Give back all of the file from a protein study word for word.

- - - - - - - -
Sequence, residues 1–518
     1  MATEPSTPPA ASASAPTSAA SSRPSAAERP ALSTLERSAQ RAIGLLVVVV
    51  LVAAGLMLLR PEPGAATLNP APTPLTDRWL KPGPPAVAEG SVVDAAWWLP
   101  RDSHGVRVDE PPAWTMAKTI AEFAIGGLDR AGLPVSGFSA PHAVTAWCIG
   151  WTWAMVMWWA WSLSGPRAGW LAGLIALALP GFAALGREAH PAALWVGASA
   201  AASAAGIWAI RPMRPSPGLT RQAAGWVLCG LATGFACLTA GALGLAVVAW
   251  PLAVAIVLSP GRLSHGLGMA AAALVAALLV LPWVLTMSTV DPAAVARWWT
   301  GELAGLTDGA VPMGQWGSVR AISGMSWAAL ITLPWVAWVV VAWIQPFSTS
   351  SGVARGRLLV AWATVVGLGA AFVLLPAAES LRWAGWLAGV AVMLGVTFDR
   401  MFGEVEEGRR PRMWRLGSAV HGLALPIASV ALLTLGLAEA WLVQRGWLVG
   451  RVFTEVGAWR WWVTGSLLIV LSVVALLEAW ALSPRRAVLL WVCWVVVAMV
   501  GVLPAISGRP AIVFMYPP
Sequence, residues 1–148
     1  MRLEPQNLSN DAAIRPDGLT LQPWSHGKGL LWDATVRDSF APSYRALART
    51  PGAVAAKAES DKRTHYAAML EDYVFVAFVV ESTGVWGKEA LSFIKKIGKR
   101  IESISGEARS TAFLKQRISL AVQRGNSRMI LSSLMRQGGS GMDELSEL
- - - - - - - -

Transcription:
Sequence, residues 1–518
     1  MATEPSTPPA ASASAPTSAA SSRPSAAERP ALSTLERSAQ RAIGLLVVVV
    51  LVAAGLMLLR PEPGAATLNP APTPLTDRWL KPGPPAVAEG SVVDAAWWLP
   101  RDSHGVRVDE PPAWTMAKTI AEFAIGGLDR AGLPVSGFSA PHAVTAWCIG
   151  WTWAMVMWWA WSLSGPRAGW LAGLIALALP GFAALGREAH PAALWVGASA
   201  AASAAGIWAI RPMRPSPGLT RQAAGWVLCG LATGFACLTA GALGLAVVAW
   251  PLAVAIVLSP GRLSHGLGMA AAALVAALLV LPWVLTMSTV DPAAVARWWT
   301  GELAGLTDGA VPMGQWGSVR AISGMSWAAL ITLPWVAWVV VAWIQPFSTS
   351  SGVARGRLLV AWATVVGLGA AFVLLPAAES LRWAGWLAGV AVMLGVTFDR
   401  MFGEVEEGRR PRMWRLGSAV HGLALPIASV ALLTLGLAEA WLVQRGWLVG
   451  RVFTEVGAWR WWVTGSLLIV LSVVALLEAW ALSPRRAVLL WVCWVVVAMV
   501  GVLPAISGRP AIVFMYPP
Sequence, residues 1–148
     1  MRLEPQNLSN DAAIRPDGLT LQPWSHGKGL LWDATVRDSF APSYRALART
    51  PGAVAAKAES DKRTHYAAML EDYVFVAFVV ESTGVWGKEA LSFIKKIGKR
   101  IESISGEARS TAFLKQRISL AVQRGNSRMI LSSLMRQGGS GMDELSEL